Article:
When you’re initially setting up PhotoStructure, you can set up the following:
You can put your library directory on either a local or remote filesystem
(if you’re on Windows, though, map your network drive to a letter first: heavy disk I/O against UNC paths can be flaky)
You can scan any number of directories that are outside your library. Here’s a screenshot of the “scan paths” card in PhotoStructure’s settings page:
If you have a larger library, you may want more flexibility in how your library is stored.
Note that the following approach requires configuring advanced settings, and comfort with the terminal is recommended.
PhotoStructure is designed to make browsing as fast as possible: it’s just not fun to browse your library if every click takes a couple seconds.
PhotoStructure does this by “front-loading” as much work (like image preview generation and video transcoding) during asset importing and syncing, but we still need reasonably fast disk I/O to serve pages.
As an example, on my 4k display and using tiny thumbnails (which should be a worst-case scenario), here’s my library’s home page
Loading this page required ~500 requests for images (as it’s also lazy-loading the next page or 2 of images).
For my test library stored on SSD, this loads in ~1 second.
For my test library stored on an HDD (5400 RPM RAID-1), this page takes ~7-10 seconds for all the images to slowly stream in.
If you can store your preview directory on an SSD, that really helps.
SSDs are the answer! Large capacity SSDs are now ~$100 per TB.
If your library and all your original photos and videos can be stored on SSD, this is highly recommended: it’s just simpler to set up and use.
If this doesn’t work for your library, though, and you still want faster library performance, you may want to adopt a “hybrid” approach where you store your original files on a separate volume from your preview files.
One of PhotoStructure’s unique features is “portable” libraries: if you move or mount your library directory on a different computer, it’ll open right up and let you add new assets from that different computer.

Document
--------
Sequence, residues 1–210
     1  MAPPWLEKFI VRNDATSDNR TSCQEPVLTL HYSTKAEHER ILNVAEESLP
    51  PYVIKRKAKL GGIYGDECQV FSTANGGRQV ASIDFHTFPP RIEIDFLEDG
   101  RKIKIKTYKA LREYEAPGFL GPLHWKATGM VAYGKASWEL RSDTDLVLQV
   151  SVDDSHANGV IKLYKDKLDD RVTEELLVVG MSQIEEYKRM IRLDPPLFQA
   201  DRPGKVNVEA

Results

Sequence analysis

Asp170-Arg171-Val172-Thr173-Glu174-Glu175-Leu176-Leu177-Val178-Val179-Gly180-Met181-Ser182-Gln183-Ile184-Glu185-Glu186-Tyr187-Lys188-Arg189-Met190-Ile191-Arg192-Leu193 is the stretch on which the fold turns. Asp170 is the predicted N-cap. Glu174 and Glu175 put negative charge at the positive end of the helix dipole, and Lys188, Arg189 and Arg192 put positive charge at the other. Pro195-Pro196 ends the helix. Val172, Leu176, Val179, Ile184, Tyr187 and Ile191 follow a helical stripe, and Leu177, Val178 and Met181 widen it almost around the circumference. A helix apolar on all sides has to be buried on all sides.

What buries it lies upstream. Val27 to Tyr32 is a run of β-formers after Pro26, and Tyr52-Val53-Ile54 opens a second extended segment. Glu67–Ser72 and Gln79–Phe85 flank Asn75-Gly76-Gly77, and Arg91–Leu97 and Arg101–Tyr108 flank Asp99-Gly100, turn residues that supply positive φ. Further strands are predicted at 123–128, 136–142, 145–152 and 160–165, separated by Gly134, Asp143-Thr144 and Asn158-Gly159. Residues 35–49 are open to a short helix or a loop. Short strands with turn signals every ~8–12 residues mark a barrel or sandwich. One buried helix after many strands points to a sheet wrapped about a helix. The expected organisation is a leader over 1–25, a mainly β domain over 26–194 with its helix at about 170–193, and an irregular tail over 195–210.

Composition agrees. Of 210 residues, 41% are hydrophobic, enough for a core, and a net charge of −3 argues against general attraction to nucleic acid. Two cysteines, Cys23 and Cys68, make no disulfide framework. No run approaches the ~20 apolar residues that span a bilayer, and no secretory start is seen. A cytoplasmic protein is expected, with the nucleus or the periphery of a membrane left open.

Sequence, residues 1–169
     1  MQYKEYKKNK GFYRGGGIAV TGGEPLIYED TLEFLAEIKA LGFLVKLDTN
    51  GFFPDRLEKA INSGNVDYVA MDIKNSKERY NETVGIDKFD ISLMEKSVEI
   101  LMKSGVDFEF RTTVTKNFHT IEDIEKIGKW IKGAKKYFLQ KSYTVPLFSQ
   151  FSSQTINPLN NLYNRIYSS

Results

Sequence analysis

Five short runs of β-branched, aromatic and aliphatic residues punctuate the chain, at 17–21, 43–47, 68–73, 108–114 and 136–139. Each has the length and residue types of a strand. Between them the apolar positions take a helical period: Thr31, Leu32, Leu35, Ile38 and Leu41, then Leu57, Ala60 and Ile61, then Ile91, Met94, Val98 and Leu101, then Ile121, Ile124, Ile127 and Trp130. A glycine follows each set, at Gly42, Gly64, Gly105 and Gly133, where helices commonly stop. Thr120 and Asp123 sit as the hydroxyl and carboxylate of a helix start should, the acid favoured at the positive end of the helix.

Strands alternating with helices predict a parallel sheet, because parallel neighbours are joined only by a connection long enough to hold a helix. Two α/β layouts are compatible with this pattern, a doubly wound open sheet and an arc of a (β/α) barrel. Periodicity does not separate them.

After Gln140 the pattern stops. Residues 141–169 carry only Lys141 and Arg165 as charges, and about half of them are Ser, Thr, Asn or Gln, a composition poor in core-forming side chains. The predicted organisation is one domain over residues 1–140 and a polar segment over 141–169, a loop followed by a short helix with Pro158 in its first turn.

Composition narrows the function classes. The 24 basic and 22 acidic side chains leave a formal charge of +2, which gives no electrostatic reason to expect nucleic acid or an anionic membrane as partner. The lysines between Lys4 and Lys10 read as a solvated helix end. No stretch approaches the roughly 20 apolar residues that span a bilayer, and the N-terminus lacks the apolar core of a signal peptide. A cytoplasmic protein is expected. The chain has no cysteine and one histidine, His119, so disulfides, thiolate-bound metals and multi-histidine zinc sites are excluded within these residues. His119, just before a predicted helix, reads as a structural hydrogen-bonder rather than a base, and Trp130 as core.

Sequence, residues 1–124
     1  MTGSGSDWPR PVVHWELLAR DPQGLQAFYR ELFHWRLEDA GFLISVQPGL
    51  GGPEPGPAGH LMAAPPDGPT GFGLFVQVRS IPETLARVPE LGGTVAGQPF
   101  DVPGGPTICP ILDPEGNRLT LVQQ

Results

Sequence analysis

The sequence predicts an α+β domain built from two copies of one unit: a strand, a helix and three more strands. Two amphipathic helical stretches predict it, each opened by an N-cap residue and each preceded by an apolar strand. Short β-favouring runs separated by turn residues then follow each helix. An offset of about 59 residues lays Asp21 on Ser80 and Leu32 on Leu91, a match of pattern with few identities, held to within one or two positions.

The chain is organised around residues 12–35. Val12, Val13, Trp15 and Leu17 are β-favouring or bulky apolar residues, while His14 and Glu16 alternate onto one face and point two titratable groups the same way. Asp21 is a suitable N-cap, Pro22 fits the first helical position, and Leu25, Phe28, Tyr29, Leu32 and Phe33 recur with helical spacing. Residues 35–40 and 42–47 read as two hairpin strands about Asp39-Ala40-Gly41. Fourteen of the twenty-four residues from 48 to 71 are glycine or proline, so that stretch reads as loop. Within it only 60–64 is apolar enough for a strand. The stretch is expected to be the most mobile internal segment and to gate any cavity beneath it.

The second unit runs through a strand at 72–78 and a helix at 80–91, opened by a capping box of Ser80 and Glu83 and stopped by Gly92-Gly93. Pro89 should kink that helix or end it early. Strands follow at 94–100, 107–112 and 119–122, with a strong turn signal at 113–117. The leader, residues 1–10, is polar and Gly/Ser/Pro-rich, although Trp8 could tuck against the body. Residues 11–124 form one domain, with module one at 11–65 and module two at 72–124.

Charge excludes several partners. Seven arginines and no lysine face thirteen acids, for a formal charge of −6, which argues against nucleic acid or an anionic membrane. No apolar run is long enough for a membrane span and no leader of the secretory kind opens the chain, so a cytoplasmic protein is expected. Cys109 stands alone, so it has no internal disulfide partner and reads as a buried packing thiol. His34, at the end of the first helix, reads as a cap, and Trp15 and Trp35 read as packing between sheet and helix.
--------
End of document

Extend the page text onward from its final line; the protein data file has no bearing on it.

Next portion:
Hybrid libraries, where you store your original files on a separate volume from your preview files, aren’t as seamlessly portable, though: you have to manually set
PS_ORIGINALS_DIR to open your library (and retain access to your originals).
It’s up to you to decide if this complexity and inconvenience is worth it!
If you’re just starting out:
Find an HDD with enough storage to store your original photos and videos. Set the
PS_ORIGINALS_DIRenvironment variable to the full pathname to this directory.
Install PhotoStructure, and choose your SSD to be your library directory in the Settings page. Note that your PS_ORIGINALS_DIR value won’t be shown in the settings UI (but it will in future PhotoStructure builds).
You’re done: PhotoStructure will use
PS_ORIGINALS_DIRto store original photos and videos instead of your library directory.
If you already have a PhotoStructure library (in this example, stored at
/mnt/hdd/ps-library), and a new SSD (in this example, stored at
Shut down PhotoStructure
/mnt/ssd/ps-library/.photostructure(this may take a while if your library is large!)
You may notice
PS_PREVIEWS_DIR in your system settings: this was an initial attempt to build out support for hybrid libraries.
PS_ORIGINALS_DIR, your library remains “intact”: the database and previews sit next to each other, and at least your tag galleries will render properly if you don’t set
PS_PREVIEWS_DIR, your library is fractured into multiple places, and won’t even open if
PS_LIBRARY_DIR aren’t set correctly.
If you get
PS_ORIGINALS_DIR wrong, you just break full-screen asset zooms and playback of your non-transcoded videos.
Due to this added bit of complexity, we recommend using
Using a “hybrid” library is completely optional, and really should only be taken on if you’re suffering from really poor performance.
If possible, try to keep things simple!